All of those fears went by the wayside when I finally was able to play. Amazing moment and set piece after amazing set piece and moment. Super slick controls, humor at nearly every turn, amazing and memorable boss battles, variety to the gameplay, all things that are hallmark to the series are present, accounted for and turned up to 10. There are just so many great moments in this game that all service both fans of the series and story. Sure it has absurdly long cut-scenes and is a bit up its own ass with Kojima’s politics, but the fact remains that in 2008 it stood head and shoulders above all other games except one, in which I think it matched in nearly every possible way.
And who can’t love a game that made Raiden go from whiny, force fed-protagonist, to all around bad-ass?
5. Mass Effect 2
After Bioware knocked it out of the park with Knights of the Old Republic, I waited with baited breath to see what their next sci-fi, and first next-gen (at the time) title would be. The result was Mass Effect. A sort of spiritual successor to KotOR (Biotics were kind of sort of like Jedi) but turned up to 10 in every possible way, Mass Effect ushered in one of the greatest franchises I have ever played.
Nothing in Mass Effect could have prepared me for what Mass Effect 2 would actually turn out to be. While the de-emphasis of RPG elements was slightly disappointing, nearly ever other aspect of the game was overhauled and improved. Combat was much more satisfying, the storytelling was much deeper, with more variables and paths, and the side characters were much more interesting and fun to talk to, coupled with the fact that not only had my choices from the previous game carried over, but also my Commander Shepard as well.
Having seemingly optional Loyalty Missions and ship upgrades play right into the ending the player received was a fantastic mechanic (everyone survived for me) that made replaying the game much less of a slog than most RPGs can be.
4. The Elder Scrolls V: Skyrim
If it hadn’t been for Fallout 3, I would have skipped Skyrim altogether. I played about an hour or so of Oblivion and decided it was not for me. With Fallout 3 being such an amazing game in nearly every conceivable way, I decided to give Skyrim a chance and bought a used copy from Gamestop (with the intention being that I would return it in 7 days if I didn’t like it). Well, I did return it, but turned around a bought it new.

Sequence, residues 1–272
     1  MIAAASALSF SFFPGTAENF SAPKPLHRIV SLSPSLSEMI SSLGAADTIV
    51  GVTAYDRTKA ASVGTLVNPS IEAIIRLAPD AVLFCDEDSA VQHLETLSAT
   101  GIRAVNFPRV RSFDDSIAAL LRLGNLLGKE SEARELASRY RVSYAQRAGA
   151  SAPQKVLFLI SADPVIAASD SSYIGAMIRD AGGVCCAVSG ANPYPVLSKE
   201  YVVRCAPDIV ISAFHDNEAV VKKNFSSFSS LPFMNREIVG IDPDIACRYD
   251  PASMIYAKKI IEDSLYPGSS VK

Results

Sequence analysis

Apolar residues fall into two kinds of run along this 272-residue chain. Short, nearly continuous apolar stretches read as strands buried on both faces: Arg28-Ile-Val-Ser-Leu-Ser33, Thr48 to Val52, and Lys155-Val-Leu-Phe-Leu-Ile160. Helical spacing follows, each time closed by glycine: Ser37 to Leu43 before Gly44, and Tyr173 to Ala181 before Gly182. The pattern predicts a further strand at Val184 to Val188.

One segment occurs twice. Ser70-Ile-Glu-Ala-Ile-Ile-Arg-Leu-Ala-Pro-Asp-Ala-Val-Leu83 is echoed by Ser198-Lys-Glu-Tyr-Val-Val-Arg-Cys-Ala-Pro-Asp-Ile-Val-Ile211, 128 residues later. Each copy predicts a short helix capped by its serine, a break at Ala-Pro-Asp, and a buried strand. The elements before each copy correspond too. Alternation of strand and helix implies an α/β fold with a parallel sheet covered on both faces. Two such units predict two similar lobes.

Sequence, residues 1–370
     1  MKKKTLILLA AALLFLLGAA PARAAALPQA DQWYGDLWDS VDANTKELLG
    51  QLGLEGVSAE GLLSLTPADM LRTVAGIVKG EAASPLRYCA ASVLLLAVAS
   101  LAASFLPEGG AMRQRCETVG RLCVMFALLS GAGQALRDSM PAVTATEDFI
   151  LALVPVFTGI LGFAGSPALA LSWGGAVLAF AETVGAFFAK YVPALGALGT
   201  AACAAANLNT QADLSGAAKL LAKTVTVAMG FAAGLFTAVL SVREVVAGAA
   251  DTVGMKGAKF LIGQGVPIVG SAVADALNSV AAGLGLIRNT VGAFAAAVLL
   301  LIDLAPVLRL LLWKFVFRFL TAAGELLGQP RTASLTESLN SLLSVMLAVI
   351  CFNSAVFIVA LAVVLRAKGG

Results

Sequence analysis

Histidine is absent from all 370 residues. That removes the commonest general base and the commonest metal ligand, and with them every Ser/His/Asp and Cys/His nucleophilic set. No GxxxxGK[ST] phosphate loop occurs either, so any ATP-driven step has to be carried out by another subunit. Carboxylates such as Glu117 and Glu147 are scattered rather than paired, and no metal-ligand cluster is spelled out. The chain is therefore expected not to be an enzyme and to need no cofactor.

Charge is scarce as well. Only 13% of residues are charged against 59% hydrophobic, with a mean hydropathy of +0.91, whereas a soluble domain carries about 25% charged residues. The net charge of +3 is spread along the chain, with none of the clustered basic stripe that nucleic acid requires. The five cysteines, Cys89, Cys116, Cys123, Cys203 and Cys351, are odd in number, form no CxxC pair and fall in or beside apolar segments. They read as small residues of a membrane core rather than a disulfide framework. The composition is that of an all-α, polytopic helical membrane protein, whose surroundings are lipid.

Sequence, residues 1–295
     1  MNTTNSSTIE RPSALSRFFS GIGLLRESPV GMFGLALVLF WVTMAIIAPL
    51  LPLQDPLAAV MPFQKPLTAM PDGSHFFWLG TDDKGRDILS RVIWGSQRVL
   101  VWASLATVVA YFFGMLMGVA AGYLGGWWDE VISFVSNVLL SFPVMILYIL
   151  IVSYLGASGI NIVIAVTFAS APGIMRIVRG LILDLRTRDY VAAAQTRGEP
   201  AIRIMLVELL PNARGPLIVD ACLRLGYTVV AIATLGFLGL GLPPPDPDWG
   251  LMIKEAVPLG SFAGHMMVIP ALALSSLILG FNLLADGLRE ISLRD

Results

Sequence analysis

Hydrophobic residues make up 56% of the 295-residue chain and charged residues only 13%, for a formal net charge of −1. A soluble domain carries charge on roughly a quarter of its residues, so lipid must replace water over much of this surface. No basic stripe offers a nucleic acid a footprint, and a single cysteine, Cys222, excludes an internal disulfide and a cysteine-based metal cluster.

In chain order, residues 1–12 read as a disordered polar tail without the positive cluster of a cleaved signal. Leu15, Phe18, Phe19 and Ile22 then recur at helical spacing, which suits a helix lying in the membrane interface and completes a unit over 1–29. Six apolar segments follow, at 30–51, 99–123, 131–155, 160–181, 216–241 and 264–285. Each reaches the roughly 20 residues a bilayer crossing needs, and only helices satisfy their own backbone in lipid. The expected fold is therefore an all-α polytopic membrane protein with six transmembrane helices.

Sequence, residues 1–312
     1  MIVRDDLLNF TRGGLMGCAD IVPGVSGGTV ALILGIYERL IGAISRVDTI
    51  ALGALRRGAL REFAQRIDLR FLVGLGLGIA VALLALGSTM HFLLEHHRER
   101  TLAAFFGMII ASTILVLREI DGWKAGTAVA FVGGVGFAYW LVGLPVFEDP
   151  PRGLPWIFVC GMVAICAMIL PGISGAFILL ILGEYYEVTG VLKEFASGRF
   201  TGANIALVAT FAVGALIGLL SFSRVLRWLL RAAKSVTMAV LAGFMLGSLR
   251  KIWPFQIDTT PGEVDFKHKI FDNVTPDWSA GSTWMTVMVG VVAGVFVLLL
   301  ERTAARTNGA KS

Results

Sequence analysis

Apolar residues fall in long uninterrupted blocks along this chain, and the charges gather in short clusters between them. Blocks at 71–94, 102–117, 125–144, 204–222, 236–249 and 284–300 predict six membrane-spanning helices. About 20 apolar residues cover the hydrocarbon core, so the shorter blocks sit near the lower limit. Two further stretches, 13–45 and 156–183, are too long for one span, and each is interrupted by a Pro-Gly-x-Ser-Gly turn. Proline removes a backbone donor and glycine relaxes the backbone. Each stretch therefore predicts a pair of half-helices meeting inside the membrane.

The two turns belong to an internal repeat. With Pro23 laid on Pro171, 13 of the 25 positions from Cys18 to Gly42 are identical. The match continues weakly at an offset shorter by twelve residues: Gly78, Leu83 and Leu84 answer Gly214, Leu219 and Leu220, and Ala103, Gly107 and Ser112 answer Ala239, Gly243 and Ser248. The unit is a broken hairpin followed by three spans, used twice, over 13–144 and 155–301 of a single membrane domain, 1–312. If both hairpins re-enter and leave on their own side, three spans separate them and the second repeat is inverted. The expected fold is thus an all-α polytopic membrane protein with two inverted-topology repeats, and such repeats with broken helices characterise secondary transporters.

Within day one I was addicted to it. The world building in Skyrim is unlike anything I had previously experienced in an RPG. With hours of quest content, both main and side, tons of gameplay options depending not only on how you choose to level your character, but also which side of the good/evil side you chose to fall on, I was easily able to spend over 250 hours completing the on disc content and acquire my first (and to this day only) Platimun trophy for the game.
What I truly love about Skyrim are the random things you can stumble across in the game simply by exploring. Random dragon attacks as I approached towns, with the townsfolk rallying together to fight the flying beasts of death, or giants knocking a perceived poacher clear into the middle of next gen with the swing of his club, the game offers tons of things to experience without even looking for it.
I can’t wait to see what Bethesda can do next with the new consoles.
3. Portal 2
I bought The Orange Box so I could play Half-Life 2 episodes 1 and 2 since Half-Life 2 is one of my favourite games of all-time. Little did I know that the intriguing puzzle game, Portal would not only be the best thing about The Orange Box, but that it would become one of my favourite games of the generation. With its deceptively simple premise and increasingly mind bending, physics-based, spatially intricate puzzles, witty writing and out of left-field yet wholly earned plot twist, what seemed like a bonus game on an already amazing package became one of the most talked about games in 2007.
Valve including Portal in their package of value proved to be an incredibly smart move as it served as a Trojan horse for interest in the sequel, Portal 2. While the puzzles were the hook of Portal, the plot twist was what really made the game memorable. So much so that I honestly doubted the storytelling in Portal 2 would be much more than retreading familiar territory. I was wholly, and absolutely wrong. The puzzles were insanely involved and required some split second timing and some severe outside-the-box thinking to solve, and the introduction of gels into the mechanics was nothing short of revolutionary.